Vice President takes on duties in the absence of the President and deputise for him/her.
Secretary calls general and committee meetings of the branch, circulates minutes of meetings, organises membership communications, and arranges notifications of local elections and ballot results to members.
Assistant Secretary takes on duties in the absence of the Secretary and deputises for him/her.
Treasurer has custody of the funds of the branch and makes payments as needed in accordance with the branch rules. The Treasurer keeps the books of the branch and presents the accounts of the branch for auditing as necessary, and presents the audited accounts to the AGM.
Membership Secretary is responsible for recruitment, for keeping membership records, and sending membership information to UCU head office or regional office.
Equalities Officer is responsible for staying up to date with relevant issues and monitoring development of equality policies within the institution, where appropriate encouraging and supporting local negotiations on equality matters. He or she monitors the casework relating to equality issues, supports members experiencing issues, and attends national and regional UCU meetings.
Health and Safety Officer represents UCU members on health and safety issues including participating in health and safety inspections and risk assessments, being the branch’s point of contact over health and safety issues, attending safety committee meetings, and investigating notifiable incidents.
Postgraduate Student Representative leads the branch committee’s work relating to postgraduate students. He or she is the primary point of contact for student members, the Student Union and UCU head office in relation to postgraduate student matters.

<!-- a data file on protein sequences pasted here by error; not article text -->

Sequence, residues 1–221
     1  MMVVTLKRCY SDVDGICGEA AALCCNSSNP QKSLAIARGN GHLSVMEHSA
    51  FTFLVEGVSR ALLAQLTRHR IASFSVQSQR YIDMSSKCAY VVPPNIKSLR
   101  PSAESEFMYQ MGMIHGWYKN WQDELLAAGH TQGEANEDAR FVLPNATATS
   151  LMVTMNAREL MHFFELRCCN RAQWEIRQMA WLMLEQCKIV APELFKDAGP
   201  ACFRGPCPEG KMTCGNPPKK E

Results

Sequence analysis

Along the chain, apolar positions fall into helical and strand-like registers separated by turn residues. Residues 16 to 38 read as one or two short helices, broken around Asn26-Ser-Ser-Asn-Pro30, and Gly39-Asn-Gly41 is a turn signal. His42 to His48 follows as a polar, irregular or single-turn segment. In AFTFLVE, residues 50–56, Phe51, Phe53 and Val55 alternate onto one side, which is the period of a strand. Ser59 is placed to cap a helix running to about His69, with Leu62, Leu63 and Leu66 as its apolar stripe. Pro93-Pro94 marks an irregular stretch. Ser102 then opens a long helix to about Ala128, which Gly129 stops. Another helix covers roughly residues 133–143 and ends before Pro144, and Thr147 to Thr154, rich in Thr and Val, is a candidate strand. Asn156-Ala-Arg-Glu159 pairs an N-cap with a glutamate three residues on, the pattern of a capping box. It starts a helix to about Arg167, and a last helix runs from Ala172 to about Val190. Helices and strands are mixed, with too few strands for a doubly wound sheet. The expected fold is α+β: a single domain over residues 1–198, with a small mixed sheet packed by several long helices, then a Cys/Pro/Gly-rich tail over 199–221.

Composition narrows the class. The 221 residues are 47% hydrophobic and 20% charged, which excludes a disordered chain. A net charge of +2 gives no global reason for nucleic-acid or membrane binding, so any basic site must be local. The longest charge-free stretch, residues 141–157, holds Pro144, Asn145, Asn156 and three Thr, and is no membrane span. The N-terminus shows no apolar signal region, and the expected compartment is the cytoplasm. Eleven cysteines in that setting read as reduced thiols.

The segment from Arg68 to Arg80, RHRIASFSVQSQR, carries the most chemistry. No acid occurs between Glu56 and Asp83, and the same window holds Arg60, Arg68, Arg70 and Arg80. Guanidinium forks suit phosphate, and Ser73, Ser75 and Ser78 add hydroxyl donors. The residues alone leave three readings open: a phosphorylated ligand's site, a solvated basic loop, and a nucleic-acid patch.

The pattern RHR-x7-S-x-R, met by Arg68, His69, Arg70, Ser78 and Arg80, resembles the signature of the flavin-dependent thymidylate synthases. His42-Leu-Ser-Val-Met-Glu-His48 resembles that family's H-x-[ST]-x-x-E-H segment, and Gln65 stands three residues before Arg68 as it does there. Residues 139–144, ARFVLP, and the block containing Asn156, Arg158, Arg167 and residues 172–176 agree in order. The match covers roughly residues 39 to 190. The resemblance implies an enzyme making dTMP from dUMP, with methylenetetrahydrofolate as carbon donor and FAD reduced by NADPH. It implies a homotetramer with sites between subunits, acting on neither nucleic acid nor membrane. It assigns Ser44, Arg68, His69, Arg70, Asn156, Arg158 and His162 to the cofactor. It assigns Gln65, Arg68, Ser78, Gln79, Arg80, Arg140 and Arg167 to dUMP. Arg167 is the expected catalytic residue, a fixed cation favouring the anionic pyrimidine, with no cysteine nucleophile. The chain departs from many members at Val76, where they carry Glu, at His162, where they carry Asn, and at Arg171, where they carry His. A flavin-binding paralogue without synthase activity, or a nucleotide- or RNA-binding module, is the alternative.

Ordinary Members sit on the committee and participate in the work of the branch as needed, including contributing to communications to members, attending meetings, sharing information from schools and services, and supporting union events.

As well as joining the committee, there are other ways you can get involved in the work of the branch, such as becoming a local rep. Local reps act as the link between members in their school or department and the committee. All types of skills and experience are valued.

Contact the secretary (morris.pamplin.1@city.ac.uk) if you would like more information on any of the committee posts or to find out more about becoming a rep.

Leaflet on ARQM distributed to Senate, 6/05/15

UCU members of Senate distributed the leaflet below to Senate on 6th May. The UCU has a meeting set up with the Pro-Vice Chancellor for Research and Enterprise on Thursday 14th. We are asking all academic members of staff to send us feedback on your views of the ARQM process, and how it has affected you or your department. You can send feedback to the Branch Secretary morris.pamplin.1@city.ac.uk. Any information you send will be used anonymously.

ARQM City UCU flyer